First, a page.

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Should the $600 federal unemployment benefits be extended?

Should the $600 federal unemployment benefits be extended?
WRITTEN BY
07/25/20
vs

Daniel (No)

Simple math tells us that the $600 handouts recently distributed by the federal government need to be slashed or entirely discontinued. The weekly payments amount to a wage of $15 (in a 40 hour work week), which is twice the federal minimum. States also pay unemployment benefits averaging $450. These payments are received on top of the 600 dollar federal payments. So, in reality, most are receiving an hourly wage of well over 25 dollars, three and a half times the federal minimum! With this ludicrous amount being tossed around by our federal government, there is no incentive for workers to re-enter the workforce. It makes more fiscal sense for many former employees to remain jobless. This hampers our return to economic normalcy in the wake of a severe economic downturn.

While not being the primary concern when the CARES act (the law that provides for the federal handouts) passed in late March, the federal deficit will, in time, become a major issue. With the unexpected shrinking of the GDP in 2020 (due to lockdown mandates) contributing to significant federal revenue loss, the additional two trillion dollar expenditure of the CARES act looks even more irresponsible. Deficit spending, while already approaching unprecedented highs, will now reach heights unheard of since FDR's New Deal. To continue to administer the unnecessary federal unemployment payments would be a tremendous macroeconomic misstep.

When talk of macroeconomics and math becomes tedious, one can turn to the individual horror stories of small businesses nationwide. There are countless fledgling or even established businesses going under due to their inability to convince their employees to come back to work. This backbone of the American economy is being snapped under the guise of generosity.


Amanda (Yes)

Unemployment benefits are essential even in non-pandemic times, as recipients can immediately use the funds for essential goods and services such as rent or groceries, which means more money fed back into the local community. And counter to assertions by many conservative politicians, workers on unemployment are actually more likely to both search for a job and seek out a paycheck that is comparable to their former position. Workers whose benefits have run out, on the other hand, are more likely to become discouraged, spend less time looking for work and accept a lower-paid job once they find something.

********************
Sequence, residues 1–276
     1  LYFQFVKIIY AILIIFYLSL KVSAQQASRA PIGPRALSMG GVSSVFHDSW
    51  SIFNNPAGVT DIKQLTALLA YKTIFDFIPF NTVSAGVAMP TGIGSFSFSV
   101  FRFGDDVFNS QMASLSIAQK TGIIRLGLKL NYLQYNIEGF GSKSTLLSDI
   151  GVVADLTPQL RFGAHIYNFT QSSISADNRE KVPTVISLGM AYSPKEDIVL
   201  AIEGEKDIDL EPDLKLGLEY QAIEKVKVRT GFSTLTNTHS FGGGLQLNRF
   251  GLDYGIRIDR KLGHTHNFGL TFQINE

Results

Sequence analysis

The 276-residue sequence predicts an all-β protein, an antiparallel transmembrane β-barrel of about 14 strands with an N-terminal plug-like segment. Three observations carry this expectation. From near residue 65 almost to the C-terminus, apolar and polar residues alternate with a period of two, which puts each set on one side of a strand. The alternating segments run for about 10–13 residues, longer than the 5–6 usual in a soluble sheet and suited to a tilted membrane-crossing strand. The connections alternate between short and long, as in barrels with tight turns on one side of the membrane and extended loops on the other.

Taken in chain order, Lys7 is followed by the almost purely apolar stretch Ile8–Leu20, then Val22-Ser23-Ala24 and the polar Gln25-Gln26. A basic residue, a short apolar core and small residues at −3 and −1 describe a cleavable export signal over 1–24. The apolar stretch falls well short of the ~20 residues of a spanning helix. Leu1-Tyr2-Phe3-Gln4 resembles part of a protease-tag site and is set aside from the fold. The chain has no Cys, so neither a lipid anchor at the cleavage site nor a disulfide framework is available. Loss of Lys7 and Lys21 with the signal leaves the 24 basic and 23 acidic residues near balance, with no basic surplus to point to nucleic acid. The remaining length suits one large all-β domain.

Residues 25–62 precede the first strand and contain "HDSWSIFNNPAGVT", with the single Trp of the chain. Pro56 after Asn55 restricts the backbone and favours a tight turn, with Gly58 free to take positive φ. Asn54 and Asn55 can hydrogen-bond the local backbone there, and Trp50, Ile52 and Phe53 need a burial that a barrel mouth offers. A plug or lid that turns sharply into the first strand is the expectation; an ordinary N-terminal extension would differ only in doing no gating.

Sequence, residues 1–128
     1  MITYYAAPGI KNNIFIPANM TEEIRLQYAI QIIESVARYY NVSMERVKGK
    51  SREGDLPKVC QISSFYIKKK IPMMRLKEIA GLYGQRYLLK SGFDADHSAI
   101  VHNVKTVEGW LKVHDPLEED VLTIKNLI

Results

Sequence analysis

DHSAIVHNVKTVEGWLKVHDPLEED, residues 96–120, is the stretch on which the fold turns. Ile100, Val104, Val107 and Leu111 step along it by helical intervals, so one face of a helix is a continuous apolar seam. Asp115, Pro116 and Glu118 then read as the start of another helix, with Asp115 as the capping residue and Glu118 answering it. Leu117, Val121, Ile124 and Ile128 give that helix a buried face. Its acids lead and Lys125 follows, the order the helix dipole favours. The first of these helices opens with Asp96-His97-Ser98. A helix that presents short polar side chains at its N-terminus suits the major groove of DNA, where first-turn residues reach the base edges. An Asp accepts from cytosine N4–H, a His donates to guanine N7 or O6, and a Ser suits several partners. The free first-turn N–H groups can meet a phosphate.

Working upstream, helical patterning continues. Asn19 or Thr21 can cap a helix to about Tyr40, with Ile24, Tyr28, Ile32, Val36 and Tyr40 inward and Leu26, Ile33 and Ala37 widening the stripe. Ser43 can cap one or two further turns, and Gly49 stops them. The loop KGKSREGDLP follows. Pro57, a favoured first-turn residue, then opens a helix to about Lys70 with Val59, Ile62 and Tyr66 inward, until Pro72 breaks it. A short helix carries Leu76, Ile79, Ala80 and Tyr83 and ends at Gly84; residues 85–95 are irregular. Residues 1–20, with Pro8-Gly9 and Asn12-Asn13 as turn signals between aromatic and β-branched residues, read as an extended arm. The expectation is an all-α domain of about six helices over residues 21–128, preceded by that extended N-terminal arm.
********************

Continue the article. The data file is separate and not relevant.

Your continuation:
During the pandemic, these benefits become even more important as most recipients are also running into a supply problem: they want jobs, but no jobs are available due to either temporary shutdowns or permanent closures resulting from said shutdowns. As job losses currently rival those seen during the Great Depression, this further erodes the perverse incentive argument.

Beyond benefits to individuals, the extra $600 in compensation has also aided the country on a macroeconomic level. Despite high unemployment, poverty rates in April and May fell, and unemployment compensation often paid workers more than their previous employers did. This, again, meant more people able to pay bills and make necessary purchases, which allows for increased stability in local economies.

Given the program's already evident success and the fact that COVID-19 infection rates and economic shutdowns in many states are on the rise once more, why eliminate something that will continue to help these communities at a time when they most need it?

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